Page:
Journal Articles

Citation: Zhao Y, Surdu S, Langelier M.  Safety net patients’ satisfaction with oral health services by provider type and intent to return for more care. J Public Health Dent. 2024. Published online May 25, 2024

This article examines patients’ satisfaction with services provided by different oral health providers, their intent to return for additional care, and associations with patients’ demographics and service characteristics.

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Forte G. Why Health Workforce Projections Are Worth Doing. AAMC Research and Action Institute. AAMC Website. Published online June 29, 2023.

This paper from the AAMC Research and Action Institute examines the history of health workforce projections modeling in the United States, with a goal of assessing the validity of various approaches. While workforce projections modeling efforts can be accurate and have been effective in alerting policymakers and other stakeholders to possible future shortages of specific health professions and occupations, they suffer from several important deficits: (1) lack of data, (2) being stuck in workforce silos, and (3) inadequate distribution and location modeling. The paper will inform policymakers and researchers of these limitations and future work needed to improve the projections, including the need to move away from physician-focused modeling to more services-based models that integrate the contributions of health care workers beyond physicians.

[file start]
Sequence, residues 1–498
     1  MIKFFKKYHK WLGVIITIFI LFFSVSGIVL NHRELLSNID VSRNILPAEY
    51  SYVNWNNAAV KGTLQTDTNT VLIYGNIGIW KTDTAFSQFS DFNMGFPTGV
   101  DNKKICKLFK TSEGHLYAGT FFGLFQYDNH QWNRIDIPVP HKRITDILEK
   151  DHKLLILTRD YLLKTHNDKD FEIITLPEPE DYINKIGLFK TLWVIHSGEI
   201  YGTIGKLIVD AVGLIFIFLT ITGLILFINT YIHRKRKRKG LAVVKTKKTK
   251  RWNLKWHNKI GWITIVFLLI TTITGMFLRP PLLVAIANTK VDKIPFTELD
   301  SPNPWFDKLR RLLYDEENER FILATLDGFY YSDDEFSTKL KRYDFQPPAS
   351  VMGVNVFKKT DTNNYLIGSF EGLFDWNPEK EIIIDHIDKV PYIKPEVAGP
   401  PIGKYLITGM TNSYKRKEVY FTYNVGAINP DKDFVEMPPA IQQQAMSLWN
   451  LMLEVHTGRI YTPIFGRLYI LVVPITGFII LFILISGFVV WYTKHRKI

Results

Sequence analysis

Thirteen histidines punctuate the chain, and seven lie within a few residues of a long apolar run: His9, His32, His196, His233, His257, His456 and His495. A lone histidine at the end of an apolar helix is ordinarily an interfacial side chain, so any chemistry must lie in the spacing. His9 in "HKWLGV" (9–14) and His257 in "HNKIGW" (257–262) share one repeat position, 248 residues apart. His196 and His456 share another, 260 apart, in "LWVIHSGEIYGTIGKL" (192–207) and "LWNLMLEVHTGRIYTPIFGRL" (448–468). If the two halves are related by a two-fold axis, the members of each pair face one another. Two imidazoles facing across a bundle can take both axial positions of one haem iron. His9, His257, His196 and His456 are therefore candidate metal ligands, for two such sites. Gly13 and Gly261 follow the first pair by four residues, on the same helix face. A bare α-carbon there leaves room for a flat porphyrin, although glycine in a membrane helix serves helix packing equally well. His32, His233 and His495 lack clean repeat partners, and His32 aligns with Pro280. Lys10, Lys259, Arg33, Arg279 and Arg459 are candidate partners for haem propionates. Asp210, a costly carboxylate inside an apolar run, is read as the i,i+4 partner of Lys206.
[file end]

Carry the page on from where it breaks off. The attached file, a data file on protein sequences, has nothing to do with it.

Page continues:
Citation: Dean A, Wu M, Efferen LS, McCauley S, Allen A, Bennett H, Snitkoff LS, Cleary LM, Bliss K, Martiniano R, et al. Newly acquired burnout during the coronavirus disease 2019 (COVID-19) pandemic: a retrospective cohort study on the experiences of New York State primary care clinicians. J Community Health. 2023. Published online June 29, 2023.

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The well-being of primary care clinicians represents an area of increasing interest amid concerns that the COVID-19 pandemic may have exacerbated already high prevalence rates of clinician burnout. This retrospective cohort study was designed to identify demographic, clinical, and work-specific factors that may have contributed to newly acquired burnout after the onset of the COVID-19 pandemic.

Choi Y, Armstrong DP, Moore J. Characteristics of Public Health Registered Nurses and Advanced Practice Registered Nurses: Lessons Learned From the 2018 National Sample Survey of Registered Nurses. Public Health Reports. 2023;138(1_suppl):72S-77S. doi:10.1177/00333549231151877